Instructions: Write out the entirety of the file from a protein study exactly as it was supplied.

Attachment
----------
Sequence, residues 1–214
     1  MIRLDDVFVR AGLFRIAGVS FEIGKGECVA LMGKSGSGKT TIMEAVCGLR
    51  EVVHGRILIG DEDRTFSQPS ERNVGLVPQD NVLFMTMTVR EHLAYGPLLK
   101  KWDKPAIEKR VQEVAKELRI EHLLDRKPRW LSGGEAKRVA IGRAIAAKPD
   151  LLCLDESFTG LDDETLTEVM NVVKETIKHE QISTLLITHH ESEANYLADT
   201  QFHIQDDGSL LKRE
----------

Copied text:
Sequence, residues 1–214
     1  MIRLDDVFVR AGLFRIAGVS FEIGKGECVA LMGKSGSGKT TIMEAVCGLR
    51  EVVHGRILIG DEDRTFSQPS ERNVGLVPQD NVLFMTMTVR EHLAYGPLLK
   101  KWDKPAIEKR VQEVAKELRI EHLLDRKPRW LSGGEAKRVA IGRAIAAKPD
   151  LLCLDESFTG LDDETLTEVM NVVKETIKHE QISTLLITHH ESEANYLADT
   201  QFHIQDDGSL LKRE